On Debt Ceiling, GOP Causing Economic Uncertainty It Once Decried

Racing full speed toward an uncertain edge of a very real cliff.

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Do you remember economic uncertainty? The GOP spent most of the 2010 campaign season issuing dark warnings about the terrible consequences of economic uncertainty. Uncertainty was the great peril stalking the U.S. economy, and the Republicans would not stand for it.

That was then. Or more specifically, that was a talking point in service of making permanent the (deficit-exploding) Bush tax cuts. Months later, with the topic du jour being raising the national debt ceiling, GOP lawmakers seem not only comfortable with economic uncertainty generally, but are actually actively trying to foment the dread condition. And what do you know? Big business isn’t especially wild about it.

[See editorial cartoons about the federal budget and deficit.]

If you haven’t been following the story, the U.S. government will bump up against its legal debt limit no later than May 16. There are a few “extraordinary measures” the Treasury Department can take to keep things running, but if nothing is done by July 8 the U.S. government will stop being able to pay for its operations and its maturing debt. It would, in short, go into default. All mainstream economists and political leaders say that this would be really, really bad for the global economy. House Speaker John Boehner, for example, has used the phrase “financial disaster” to describe the consequences.

Nevertheless, Republican leaders view this as a “leverage moment,” to borrow House Majority Leader Eric Cantor’s phrase. They figure that they can extract maximum concessions from the self-styled adult in the room (President Obama) by pushing as close to the edge of the cliff as possible. On Wednesday Cantor upped his leverage moment ante by declaring that the House GOP "will not grant [the] request for a debt limit increase" without major spending cuts or other concessions. As Politico reports, "In the most recent budget battle--over a six-month spending bill--Republican leaders carefully avoided threatening to shut down the government. Now, Cantor says he’s ready to plunge the nation into default if the GOP’s demands are not met." So they're more willing to flirt with "financial disaster" than they were to talk about government shutdown. Wonderful.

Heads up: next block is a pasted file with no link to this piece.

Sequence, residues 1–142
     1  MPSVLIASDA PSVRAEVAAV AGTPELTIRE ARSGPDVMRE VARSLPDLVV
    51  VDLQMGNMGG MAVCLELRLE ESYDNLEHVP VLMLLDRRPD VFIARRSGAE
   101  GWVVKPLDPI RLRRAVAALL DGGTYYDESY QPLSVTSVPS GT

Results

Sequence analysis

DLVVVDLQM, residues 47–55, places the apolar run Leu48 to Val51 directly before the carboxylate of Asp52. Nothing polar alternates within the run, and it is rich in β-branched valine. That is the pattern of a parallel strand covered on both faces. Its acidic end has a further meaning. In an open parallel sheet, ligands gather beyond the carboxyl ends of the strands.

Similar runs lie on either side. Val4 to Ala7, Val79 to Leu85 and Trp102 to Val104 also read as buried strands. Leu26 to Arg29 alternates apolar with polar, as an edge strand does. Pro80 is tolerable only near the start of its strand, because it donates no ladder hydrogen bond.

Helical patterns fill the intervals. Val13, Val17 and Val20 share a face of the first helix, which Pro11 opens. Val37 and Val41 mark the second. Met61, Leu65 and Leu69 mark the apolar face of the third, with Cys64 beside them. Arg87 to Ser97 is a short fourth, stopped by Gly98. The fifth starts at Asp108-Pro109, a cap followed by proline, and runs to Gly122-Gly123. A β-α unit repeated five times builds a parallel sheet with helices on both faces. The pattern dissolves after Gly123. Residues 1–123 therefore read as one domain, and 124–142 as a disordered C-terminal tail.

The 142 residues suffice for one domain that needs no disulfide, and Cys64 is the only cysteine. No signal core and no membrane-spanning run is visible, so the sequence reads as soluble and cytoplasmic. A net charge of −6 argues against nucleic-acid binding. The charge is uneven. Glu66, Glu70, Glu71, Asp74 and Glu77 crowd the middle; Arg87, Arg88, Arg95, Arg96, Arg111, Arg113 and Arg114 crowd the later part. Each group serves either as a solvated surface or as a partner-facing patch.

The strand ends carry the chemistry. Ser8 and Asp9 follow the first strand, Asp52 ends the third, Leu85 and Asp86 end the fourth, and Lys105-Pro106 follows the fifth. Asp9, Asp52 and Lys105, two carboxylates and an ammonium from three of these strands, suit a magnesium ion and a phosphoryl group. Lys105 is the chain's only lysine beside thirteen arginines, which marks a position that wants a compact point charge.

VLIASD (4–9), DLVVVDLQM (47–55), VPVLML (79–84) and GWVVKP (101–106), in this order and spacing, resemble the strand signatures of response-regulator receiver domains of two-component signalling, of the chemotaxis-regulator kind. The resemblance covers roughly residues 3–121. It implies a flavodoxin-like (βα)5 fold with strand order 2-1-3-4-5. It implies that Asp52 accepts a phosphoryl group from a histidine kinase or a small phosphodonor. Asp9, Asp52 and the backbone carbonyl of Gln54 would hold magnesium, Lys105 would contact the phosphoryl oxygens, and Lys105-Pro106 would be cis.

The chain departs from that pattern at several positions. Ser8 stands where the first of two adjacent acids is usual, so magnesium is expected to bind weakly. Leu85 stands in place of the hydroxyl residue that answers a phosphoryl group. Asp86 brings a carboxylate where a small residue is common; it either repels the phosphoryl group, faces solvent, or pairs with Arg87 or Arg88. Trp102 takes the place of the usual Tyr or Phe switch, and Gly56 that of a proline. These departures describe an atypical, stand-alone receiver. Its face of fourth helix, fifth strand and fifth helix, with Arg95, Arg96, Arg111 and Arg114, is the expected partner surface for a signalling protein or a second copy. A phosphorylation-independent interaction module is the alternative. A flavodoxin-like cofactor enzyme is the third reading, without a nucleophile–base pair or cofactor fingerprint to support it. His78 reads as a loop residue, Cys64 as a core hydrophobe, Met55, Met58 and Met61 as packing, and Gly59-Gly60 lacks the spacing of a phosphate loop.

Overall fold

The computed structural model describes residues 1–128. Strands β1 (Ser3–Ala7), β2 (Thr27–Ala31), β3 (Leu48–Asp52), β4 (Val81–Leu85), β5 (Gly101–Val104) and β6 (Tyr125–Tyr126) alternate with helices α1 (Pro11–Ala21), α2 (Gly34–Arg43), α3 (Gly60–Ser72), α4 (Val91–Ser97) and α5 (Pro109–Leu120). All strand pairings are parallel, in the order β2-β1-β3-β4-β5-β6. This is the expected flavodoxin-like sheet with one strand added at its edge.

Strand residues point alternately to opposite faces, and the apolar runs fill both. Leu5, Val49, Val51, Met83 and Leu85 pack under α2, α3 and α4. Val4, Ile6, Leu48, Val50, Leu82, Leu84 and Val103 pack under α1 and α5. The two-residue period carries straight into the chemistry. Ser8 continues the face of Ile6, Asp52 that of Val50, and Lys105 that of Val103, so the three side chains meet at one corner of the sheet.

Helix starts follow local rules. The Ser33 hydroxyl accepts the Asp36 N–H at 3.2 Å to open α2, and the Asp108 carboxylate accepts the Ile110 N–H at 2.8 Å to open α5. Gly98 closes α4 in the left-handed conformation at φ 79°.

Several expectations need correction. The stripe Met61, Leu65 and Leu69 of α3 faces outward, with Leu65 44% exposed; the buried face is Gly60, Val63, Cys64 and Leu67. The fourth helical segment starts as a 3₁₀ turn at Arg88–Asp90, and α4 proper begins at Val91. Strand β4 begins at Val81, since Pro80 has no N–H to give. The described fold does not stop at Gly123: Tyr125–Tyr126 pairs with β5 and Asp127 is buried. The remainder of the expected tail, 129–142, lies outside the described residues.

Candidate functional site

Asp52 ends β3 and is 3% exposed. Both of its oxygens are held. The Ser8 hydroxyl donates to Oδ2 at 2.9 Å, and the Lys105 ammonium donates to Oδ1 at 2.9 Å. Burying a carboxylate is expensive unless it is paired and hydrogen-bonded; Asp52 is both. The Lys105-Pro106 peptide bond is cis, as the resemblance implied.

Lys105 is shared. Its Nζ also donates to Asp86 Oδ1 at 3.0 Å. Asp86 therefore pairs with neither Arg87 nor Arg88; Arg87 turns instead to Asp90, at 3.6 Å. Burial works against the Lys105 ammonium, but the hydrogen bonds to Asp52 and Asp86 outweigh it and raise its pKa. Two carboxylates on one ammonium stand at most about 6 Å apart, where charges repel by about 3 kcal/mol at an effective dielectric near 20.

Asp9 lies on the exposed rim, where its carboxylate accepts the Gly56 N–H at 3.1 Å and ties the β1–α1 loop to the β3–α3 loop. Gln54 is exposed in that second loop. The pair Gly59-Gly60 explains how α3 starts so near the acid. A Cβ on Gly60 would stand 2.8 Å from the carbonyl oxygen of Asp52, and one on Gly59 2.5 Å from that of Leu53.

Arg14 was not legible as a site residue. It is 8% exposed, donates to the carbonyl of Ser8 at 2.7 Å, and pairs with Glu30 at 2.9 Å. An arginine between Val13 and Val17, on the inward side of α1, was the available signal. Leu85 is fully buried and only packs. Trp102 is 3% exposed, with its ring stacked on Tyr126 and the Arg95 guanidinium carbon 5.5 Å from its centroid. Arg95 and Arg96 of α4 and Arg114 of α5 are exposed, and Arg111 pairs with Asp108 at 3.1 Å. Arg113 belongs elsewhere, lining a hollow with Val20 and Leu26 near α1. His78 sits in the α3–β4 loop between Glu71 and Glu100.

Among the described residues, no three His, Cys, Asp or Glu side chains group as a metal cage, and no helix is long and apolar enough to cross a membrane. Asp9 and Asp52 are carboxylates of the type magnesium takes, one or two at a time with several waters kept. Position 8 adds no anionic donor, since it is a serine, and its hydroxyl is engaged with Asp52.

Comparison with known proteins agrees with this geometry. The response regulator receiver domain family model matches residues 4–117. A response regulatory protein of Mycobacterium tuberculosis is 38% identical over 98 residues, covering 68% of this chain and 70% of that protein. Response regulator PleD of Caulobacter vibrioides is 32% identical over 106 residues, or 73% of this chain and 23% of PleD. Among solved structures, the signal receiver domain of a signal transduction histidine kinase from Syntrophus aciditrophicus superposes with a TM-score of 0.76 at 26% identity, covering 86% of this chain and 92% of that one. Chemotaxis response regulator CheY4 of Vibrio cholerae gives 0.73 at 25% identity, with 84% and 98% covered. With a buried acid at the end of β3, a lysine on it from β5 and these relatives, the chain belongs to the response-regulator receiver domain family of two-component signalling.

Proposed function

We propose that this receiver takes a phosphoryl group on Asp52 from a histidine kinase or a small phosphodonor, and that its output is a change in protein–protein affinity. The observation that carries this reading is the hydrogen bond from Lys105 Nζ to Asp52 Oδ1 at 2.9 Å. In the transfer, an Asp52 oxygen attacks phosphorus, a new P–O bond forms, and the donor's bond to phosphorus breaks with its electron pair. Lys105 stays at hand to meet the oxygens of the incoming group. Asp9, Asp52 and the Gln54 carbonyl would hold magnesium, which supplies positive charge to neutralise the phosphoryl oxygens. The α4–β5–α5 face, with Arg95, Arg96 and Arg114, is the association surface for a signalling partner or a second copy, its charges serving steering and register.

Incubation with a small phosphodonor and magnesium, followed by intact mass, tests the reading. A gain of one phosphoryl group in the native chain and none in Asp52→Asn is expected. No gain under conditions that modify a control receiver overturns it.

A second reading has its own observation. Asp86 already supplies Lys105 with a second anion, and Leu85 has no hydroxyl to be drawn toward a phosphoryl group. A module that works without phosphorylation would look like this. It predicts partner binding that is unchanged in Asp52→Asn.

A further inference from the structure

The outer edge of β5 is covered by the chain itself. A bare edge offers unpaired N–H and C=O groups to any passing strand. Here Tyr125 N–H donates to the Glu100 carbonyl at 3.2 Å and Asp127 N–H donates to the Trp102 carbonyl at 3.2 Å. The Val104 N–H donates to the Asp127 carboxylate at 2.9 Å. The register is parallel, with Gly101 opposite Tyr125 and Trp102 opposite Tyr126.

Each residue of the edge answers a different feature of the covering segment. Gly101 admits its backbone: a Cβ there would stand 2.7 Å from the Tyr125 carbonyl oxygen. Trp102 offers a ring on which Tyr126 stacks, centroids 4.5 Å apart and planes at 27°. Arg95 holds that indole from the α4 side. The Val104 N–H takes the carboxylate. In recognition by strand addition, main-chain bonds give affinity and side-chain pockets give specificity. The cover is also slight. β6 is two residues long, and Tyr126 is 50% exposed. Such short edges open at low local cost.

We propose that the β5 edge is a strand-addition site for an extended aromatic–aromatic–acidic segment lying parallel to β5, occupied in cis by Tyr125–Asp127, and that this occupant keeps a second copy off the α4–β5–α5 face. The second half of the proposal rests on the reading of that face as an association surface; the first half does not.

[Read the U.S. News debate: Should Congress raise the national debt limit?]

Which brings us back to the concept of uncertainty. If there’s one thing businesses and Wall Street like less than uncertainty about whether taxes might go up, it’s uncertainty about things like “financial disaster.” They prefer that we not be making a bee line for a cliff at all, because of the attendant uncertainty about the politicians’ ability to avoid driving off of it. [Check out political cartoons about the economy.]

Specifically, while Boehner has tried to explain to Wall Street types the politics of this 'leverage moment,' they have shot back that the debt ceiling vote (and the possibility of “financial disaster”) really isn’t something pols should be mucking around with. And it’s not just the Wall Street money wizards who are telling the GOP to quit it: Main Street business groups like the U.S. Chamber of Commerce and the National Association of Manufacturers are also lining up in the don’t-play-politics-with-the-debt-limit camp (h/t Steve Benen).

There’s one other thing to keep in mind about uncertainty: It applies to the dates I’ve mentioned. The United States government will hit its debt limit by mid-May ... but it could be earlier. We can’t be certain. And the government would then go into default by July 8, or maybe before. But there is no specified date for the tipping point at which the tetchy financial markets hit the panic button and start a cascading economic meltdown.

So while the GOP sees leverage in sending us all speeding toward a cliff, there’s no certainty as to where that precipice’s edge is. And that kind of uncertainty really is scary.

  • See editorial cartoons about the budget and deficit.
  • See political cartoons about the Tea Party.
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